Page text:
First Friday Openings

First Friday

Celebrate Local Art the First Friday of Every Month!

The MacRostie’s monthly exhibition openings always coincide with First Fridays: a celebration of art & community in downtown Grand Rapids, a project of Grand Rapids Arts. Come in to enjoy food, music, artist talks, and then be sure to “hop” over to all of these other great art destinations within walking distance! For more information about First Fridays, visit www.grandrapidsarts.org.

 

From Business North:

Grand Rapids seeks out arts destination identity

By Beth Bily, Nov/Dec 2011

Want to enjoy a rich, vibrant arts scene? Leaders in Grand Rapids are hoping those considering an arts/culture trek might think of this rural community first.

Grand Rapids has always boasted more arts offerings than one might expect from a small town. It’s home to the Reif Performing Arts Center, the MacRostie Art Center and has its own orchestra and strings instruction program. Unlike many other small town volunteer-based arts programs, these are full-time going concerns, complete with paid staff and a regular slate of performances and shows.

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Grand Rapids was chosen as the first site for the Minnesota Orchestra’s newly launched “Common Chords,” an outreach program where the orchestra tailors a week of programming to the community it is visiting. During the week of Oct. 10-15, the orchestra visited local schools, held a number of group performances and an “Art of Conducting” workshop at the Grand Rapids Chamber of Commerce.

It was just prior to this mid-October visit that Grand Rapids launched it’s first official “First Friday,” a term commonly used to describe the first Friday of the month, which coincide with art gallery openings.

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Katie Marshall has been executive director of the MacRostie Art Center for the past six months. She said her organization and others began informally hosting First Fridays last summer — prior to the October official kick-off. Attendance over the past few months has been solid for the MacRostie and other businesses in the arts cluster.

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The marketing of First Friday to date has been local. Marshall composes a flier for the event and each participating business is then charged with distribution. Downtown sandwich boards also direct foot traffic to First Friday participants. However, marketing efforts will broaden in the future. Grand Rapids Arts, a local collaboration among area arts venues, received a grant in early October for marketing the once a month event.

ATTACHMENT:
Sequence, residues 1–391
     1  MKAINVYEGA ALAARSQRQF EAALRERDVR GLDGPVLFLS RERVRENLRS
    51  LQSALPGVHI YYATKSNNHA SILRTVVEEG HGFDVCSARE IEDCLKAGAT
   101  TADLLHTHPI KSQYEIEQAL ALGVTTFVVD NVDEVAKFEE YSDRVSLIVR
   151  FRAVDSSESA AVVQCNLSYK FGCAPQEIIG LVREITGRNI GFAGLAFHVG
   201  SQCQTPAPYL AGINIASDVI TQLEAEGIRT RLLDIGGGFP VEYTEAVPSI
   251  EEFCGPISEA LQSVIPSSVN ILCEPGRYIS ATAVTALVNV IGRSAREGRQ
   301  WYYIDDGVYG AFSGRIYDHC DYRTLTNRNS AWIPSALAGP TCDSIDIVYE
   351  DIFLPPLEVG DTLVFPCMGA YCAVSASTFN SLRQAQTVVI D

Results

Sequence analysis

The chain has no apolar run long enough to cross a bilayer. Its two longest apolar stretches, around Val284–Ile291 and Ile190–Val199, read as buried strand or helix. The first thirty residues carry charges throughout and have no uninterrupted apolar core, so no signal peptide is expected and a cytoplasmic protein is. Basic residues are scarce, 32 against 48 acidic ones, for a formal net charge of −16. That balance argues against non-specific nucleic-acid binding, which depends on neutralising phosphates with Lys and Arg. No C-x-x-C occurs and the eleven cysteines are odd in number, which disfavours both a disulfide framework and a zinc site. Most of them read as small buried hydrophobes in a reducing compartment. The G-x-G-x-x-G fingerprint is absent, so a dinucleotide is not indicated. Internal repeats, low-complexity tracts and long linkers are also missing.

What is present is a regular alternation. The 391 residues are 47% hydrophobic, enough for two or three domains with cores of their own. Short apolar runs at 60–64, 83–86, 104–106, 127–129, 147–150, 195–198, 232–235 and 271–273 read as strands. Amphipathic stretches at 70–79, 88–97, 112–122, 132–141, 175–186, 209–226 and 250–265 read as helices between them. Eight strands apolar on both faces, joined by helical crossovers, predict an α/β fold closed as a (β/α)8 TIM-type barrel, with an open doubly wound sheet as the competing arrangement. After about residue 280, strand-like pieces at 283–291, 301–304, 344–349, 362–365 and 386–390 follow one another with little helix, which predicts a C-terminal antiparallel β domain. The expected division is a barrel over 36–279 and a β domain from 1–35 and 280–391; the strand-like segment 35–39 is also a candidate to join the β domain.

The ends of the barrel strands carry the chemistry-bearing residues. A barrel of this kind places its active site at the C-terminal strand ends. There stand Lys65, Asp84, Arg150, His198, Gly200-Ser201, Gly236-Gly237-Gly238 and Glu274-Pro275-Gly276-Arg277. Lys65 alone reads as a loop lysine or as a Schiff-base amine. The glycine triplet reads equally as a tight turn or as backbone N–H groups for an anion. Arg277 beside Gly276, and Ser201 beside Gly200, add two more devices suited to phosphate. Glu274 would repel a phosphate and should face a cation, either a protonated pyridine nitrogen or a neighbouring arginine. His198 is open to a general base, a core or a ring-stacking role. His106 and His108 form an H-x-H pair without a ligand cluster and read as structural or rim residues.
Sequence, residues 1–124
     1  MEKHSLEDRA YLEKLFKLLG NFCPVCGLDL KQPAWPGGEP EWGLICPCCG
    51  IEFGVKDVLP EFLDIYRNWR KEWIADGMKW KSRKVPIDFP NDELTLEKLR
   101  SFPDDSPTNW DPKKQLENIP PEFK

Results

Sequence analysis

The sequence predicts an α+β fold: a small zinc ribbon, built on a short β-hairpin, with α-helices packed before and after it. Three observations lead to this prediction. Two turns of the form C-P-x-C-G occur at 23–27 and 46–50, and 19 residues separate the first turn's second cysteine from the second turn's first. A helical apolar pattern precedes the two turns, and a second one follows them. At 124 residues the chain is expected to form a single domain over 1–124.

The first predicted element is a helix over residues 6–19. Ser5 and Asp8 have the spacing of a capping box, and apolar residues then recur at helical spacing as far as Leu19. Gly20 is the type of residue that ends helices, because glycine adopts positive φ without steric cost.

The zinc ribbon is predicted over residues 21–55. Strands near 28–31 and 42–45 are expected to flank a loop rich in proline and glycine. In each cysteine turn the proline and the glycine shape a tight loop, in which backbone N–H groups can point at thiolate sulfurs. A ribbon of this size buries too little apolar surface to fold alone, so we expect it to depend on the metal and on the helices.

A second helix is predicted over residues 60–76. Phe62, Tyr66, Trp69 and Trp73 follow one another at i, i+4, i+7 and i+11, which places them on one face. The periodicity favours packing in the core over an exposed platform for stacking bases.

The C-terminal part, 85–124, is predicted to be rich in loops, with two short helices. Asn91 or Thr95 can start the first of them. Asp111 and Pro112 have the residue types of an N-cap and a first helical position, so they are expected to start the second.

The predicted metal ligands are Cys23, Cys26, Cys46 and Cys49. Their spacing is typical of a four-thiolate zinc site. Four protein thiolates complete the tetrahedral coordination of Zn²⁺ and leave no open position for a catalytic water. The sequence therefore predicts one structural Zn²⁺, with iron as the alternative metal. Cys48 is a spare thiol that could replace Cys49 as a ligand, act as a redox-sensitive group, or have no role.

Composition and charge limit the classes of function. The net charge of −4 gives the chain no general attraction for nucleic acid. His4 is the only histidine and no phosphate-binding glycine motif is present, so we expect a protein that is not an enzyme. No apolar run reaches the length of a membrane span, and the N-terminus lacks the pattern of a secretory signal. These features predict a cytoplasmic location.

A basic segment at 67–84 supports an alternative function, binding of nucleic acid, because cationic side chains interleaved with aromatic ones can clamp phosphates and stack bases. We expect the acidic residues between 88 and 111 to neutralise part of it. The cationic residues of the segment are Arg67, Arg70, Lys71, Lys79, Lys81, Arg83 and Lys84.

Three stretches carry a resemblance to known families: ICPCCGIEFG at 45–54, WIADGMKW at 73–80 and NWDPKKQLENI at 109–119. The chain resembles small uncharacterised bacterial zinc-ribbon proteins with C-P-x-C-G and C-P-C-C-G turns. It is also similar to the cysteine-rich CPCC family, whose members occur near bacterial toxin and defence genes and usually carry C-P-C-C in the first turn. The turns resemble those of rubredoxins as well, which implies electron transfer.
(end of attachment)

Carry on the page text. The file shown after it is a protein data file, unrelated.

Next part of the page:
“So far we’ve had mostly local people, but we’re beginning to hear from people in other communities that they’re excited to see First Friday in Grand Rapids,” said Marshall. “It has the potential to draw a wider crowd as the word spreads.”

That’s what some with close ties to the business community are hoping for. Among those championing First Friday is Ed Zabinski, city councilman and senior vice president at Grand Rapids State Bank.

“I think First Friday coupled with the work of the Farmer’s Market could be a real tourist draw,” he said.

Zabinski also sees a role for local arts that goes beyond tourism.

It could be called a “creative class” mindset — or the notion that today’s professionals tend to gravitate to and stay in communities with arts and cultural amenities. It’s a concept that’s been championed by economist Richard Florida, who visited Duluth in 2007 in an organized effort to spark a creative class movement in the Twin Ports.

Zabinski and Florida may be onto something. Matt Lehtinen, an executive from West Range iron ore concentrate producer Megnetation, chose to relocate to Grand Rapids, in part, for its arts offerings.

Lehtinen said he and his family were impressed with the restaurant, cultural and arts amenities Grand Rapids offered. He also added the Reif Center, and its shows and touring acts are a big draw. “I’m extremely impressed with the acts and diversity of programming offered at the Reif,” he said.

And it’s not just acts coming in from out of town that make Grand Rapids a Range arts hub. Local artists also contribute to the vibrant arts scene, said Rick Harding, local businessman and arts enthusiast. “The creativity of this community makes it a unique and special place to live.”